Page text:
Author Archives: thalassa

About thalassa

Occasionally doting wife, damn proud momma of two adorable children, veteran of the United States Navy, semi-steampunk bohemian beach addict from middle America, Civil War reenactor and Victorian natural history aficionado, canoeing and kayaking and paddleboarding fanatic, Unitarian Universalist and pantheistic Pagan, devotee of various aquatic deities, and practitioner of bioregional witchery

A short garden blessing

A blessing to the ground beneath my bare feet,
A blessing to the seeds that scatter,
Where they fall upon the meadow, in the field, or in the woods
Let Earth’s garden grow.

I ask the Soil to nourish the seeds,
I ask the Sun to warm the shoots,
I ask the Rains to quench the roots.
Help this garden grow.

I give thanks to the bees that dance with the flowers,
I give thanks to the worms digging deep and true.
I give thanks to the microbial world, tranformational.
The Oikos that we all call home.

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Hymn to the Unknown God

O Ruler! Lord of the universe,
Whether thou art male,
Whether thou art female,
Lord of reproduction
Wherever thou mayest be!
O Lord of divination
Where art thou?
Thou mayest be above,
Thou mayest be below,
Or perhaps around
Thy splendid throne and sceptre.
O hear me!
From the sky above,
In which thou mayest be,
From the sea beneath
In which thou mayest be.
Creator of the world,
Maker of all men;
Lord of all Lords
My eyes fail me for longing to see thee
For the sole desire to know thee.
O look down upon me
For thou knowest me.
The sun–the moon–
The day–the night–
Spring–winter,
Are not ordained in vain
By thee, O Deity!
They all travel
To the assigned place;
They all arrive
At their destined ends
Whithersoever thou pleasest.
Thy royal sceptre
Thou holdest.
O hear me!
O choose me!
Let it not be
That I should tire,
That I should die!

Attributed as a Peruvian prayer in the 1913 book “Pagan Prayers” by Marah Ellis Ryan via Sacred Texts


Assyrian Prayer for the Dying

Bind the sick man to Heaven, for from Earth he is being torn away!
Of the brave man who was so strong, his strength has departed.
Of the righteous servant, the force does not return,
In his bodily frame he lies dangerously ill.
But Ishtar, who in her dwelling, is grieved concerning him, descends from her mountain unvisited of men.
To the door of the sick man she comes.
The sick man listens!
Who is there? Who comes?
It is Ishtar, daughter of the Moon God!
Like pure silver may his garment be shining white!
Like brass may he be radiant!
To the Sun, greatest of the gods, may he ascend!
And may the Sun, greatest of the gods, receive his soul into his holy hands!

From the 1913 book “Pagan Prayers” by Marah Ellis Ryan, via sacred-texts.com


Pagan Serenity Prayer

As the holidays approach, something all of us may need to maintain our sanity!!

The power of Fire, for the energy and courage to change the things I can.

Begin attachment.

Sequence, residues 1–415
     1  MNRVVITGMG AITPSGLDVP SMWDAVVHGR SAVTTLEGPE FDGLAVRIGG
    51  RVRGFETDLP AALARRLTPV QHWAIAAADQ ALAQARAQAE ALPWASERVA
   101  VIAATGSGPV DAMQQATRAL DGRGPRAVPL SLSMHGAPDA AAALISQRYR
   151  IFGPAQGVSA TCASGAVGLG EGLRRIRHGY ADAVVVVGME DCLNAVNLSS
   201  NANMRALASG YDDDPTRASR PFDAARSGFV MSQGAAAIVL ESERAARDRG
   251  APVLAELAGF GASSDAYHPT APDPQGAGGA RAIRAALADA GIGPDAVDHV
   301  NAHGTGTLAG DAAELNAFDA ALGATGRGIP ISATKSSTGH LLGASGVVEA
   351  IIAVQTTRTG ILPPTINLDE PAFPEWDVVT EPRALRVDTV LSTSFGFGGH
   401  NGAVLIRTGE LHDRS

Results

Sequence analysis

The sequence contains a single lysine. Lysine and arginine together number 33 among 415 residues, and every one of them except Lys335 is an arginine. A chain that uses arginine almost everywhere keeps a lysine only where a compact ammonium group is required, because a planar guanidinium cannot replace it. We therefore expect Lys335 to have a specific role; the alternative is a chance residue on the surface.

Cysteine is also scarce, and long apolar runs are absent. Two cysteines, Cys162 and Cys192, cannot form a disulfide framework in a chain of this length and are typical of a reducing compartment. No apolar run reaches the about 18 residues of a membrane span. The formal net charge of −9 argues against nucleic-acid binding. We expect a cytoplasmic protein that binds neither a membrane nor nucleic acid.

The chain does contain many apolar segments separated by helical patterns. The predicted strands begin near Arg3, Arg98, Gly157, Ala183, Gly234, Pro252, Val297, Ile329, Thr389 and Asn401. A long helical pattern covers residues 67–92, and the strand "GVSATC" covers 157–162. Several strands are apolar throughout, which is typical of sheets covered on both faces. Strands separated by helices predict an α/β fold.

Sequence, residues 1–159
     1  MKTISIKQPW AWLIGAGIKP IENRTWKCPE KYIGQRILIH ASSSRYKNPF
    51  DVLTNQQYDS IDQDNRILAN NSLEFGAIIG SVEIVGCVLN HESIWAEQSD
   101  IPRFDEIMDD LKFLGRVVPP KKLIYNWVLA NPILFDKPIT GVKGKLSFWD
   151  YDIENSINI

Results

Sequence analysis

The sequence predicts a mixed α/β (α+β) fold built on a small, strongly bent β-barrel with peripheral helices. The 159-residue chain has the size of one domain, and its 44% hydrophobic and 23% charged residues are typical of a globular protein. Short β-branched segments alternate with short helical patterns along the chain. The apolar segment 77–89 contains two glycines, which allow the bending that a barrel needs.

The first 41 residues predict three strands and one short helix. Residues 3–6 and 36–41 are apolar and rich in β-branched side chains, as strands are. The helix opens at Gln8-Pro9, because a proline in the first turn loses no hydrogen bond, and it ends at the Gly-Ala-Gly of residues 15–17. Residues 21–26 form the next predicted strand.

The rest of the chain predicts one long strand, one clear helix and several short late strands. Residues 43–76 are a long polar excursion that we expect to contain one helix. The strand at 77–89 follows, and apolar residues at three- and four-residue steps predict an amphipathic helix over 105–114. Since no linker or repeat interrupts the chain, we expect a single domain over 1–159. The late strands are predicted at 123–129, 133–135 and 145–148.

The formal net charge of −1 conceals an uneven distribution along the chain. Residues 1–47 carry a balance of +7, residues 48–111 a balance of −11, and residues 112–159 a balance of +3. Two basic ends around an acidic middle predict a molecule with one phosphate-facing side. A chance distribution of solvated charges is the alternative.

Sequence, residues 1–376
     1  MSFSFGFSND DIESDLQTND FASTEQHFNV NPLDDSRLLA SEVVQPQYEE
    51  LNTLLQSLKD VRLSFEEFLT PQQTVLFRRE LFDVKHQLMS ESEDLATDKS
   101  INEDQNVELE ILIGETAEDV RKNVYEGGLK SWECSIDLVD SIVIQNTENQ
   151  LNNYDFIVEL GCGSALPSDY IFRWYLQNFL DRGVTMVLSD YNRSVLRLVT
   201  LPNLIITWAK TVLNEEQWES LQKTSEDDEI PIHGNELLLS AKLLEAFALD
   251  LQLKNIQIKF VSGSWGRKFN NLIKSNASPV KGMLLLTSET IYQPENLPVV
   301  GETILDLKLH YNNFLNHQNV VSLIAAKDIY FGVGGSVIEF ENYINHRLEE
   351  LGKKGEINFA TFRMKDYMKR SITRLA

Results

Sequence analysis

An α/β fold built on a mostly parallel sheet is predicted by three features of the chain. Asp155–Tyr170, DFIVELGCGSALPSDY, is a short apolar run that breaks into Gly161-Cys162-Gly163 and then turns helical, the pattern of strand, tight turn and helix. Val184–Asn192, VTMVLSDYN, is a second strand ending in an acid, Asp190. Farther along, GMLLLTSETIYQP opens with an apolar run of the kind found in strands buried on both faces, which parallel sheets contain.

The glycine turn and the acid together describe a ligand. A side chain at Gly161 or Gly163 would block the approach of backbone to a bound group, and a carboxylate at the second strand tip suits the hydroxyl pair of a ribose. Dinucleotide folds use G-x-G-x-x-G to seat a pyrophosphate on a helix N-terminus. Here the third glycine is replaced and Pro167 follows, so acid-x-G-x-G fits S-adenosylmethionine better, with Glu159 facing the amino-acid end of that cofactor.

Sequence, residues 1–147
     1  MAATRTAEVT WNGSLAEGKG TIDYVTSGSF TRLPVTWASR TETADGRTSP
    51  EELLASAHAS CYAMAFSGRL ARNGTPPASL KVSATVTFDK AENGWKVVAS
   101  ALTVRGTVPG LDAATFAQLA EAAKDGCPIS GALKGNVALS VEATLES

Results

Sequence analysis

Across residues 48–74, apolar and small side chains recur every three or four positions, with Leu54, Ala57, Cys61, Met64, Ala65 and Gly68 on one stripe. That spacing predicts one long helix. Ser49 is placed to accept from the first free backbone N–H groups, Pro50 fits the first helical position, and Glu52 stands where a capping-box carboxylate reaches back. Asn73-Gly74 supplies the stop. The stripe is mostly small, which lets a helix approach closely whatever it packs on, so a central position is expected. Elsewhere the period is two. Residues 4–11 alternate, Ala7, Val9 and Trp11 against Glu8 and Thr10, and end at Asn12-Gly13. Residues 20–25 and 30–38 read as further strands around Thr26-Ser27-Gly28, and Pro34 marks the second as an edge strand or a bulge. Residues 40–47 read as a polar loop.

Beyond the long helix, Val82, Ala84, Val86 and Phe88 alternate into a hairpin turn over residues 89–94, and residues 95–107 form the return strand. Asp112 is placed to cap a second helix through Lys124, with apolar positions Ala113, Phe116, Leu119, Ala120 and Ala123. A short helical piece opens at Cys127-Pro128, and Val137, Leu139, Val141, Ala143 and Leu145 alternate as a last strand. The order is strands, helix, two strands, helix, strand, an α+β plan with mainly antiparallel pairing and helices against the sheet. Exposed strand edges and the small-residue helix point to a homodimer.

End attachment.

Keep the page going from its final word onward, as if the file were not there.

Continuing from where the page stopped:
The power of Water, to accept with ease and grace what I cannot change.
The power of Air, for the ability to know the difference.
And the power of Earth, for the strength to continue my path.

(author unknown, but obviously adapted from the AA serenity prayer)


Maimakteria Rite

A Hellenic ritual for early winter…

Underflow

Honoring: Zeus Maimaktes, or Blustering Zeus
Date: Exact date unknown, presumably held during the month of Maimakterion (late November-early December)
Season: The beginning of winter
Region: Athens

Items needed
Bowl of water and stick (incense, punk, or natural) to light and douse
Candle, matches or lighter to light the stick
Bowl of barley
Offerings
Libation bowl
Cup

Procession

Assemble and prepare to process to the altar.

We go to the holy place with reverence and love, to honor the gods.

Proceed to enter the sacred space.

Purification of participants

Light a stick and extinguish in the bowl of water, creating lustral water.

May all be made pure who wash in this water.

Pour water over the hands of each person so that they may rinse their face and hands in the lustral water.

Purification of space

Pass the bowl of barley among the participants so that each may take a…

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Human Family by Maya Angelou

I note the obvious differences
in the human family.
Some of us are serious,
some thrive on comedy.

Some declare their lives are lived
as true profundity,
and others claim they really live
the real reality.

The variety of our skin tones
can confuse, bemuse, delight,
brown and pink and beige and purple,
tan and blue and white.

I’ve sailed upon the seven seas
and stopped in every land,
I’ve seen the wonders of the world
not yet one common man.

I know ten thousand women
called Jane and Mary Jane,
but I’ve not seen any two
who really were the same.

Mirror twins are different
although their features jibe,
and lovers think quite different thoughts
while lying side by side.

We love and lose in China,
we weep on England’s moors,
and laugh and moan in Guinea,
and thrive on Spanish shores.

We seek success in Finland,
are born and die in Maine.
In minor ways we differ,
in major we’re the same.

I note the obvious differences
between each sort and type,
but we are more alike, my friends,
than we are unalike.

We are more alike, my friends,
than we are unalike.

We are more alike, my friends,
than we are unalike.


Prayer to the Harvest Deities

The fields are full, the orchards blooming,
and the harvest has arrived.
Hail to the gods who watch over the land!
Hail to Ceres, goddess of the wheat!
Hail Mercury, fleet of foot!
Hail Pomona, and fruitful apples!
Hail Attis, who dies and is reborn!
Hail Demeter, bringing the dark of the year!
Hail Bacchus, who fills the goblets with wine!
We honor you all, in this time of harvest,
and set our tables with your bounty

(author unknown)

(Au.